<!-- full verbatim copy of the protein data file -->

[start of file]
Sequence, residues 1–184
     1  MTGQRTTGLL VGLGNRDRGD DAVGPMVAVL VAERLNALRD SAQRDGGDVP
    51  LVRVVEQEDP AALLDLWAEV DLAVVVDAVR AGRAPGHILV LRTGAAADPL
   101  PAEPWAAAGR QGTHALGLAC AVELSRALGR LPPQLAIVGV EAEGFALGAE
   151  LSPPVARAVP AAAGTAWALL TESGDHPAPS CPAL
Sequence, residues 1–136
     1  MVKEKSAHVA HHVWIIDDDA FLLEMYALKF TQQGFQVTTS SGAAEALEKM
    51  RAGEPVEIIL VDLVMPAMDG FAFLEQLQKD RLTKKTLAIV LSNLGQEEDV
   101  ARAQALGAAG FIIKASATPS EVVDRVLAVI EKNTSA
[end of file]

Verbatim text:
Sequence, residues 1–184
     1  MTGQRTTGLL VGLGNRDRGD DAVGPMVAVL VAERLNALRD SAQRDGGDVP
    51  LVRVVEQEDP AALLDLWAEV DLAVVVDAVR AGRAPGHILV LRTGAAADPL
   101  PAEPWAAAGR QGTHALGLAC AVELSRALGR LPPQLAIVGV EAEGFALGAE
   151  LSPPVARAVP AAAGTAWALL TESGDHPAPS CPAL
Sequence, residues 1–136
     1  MVKEKSAHVA HHVWIIDDDA FLLEMYALKF TQQGFQVTTS SGAAEALEKM
    51  RAGEPVEIIL VDLVMPAMDG FAFLEQLQKD RLTKKTLAIV LSNLGQEEDV
   101  ARAQALGAAG FIIKASATPS EVVDRVLAVI EKNTSA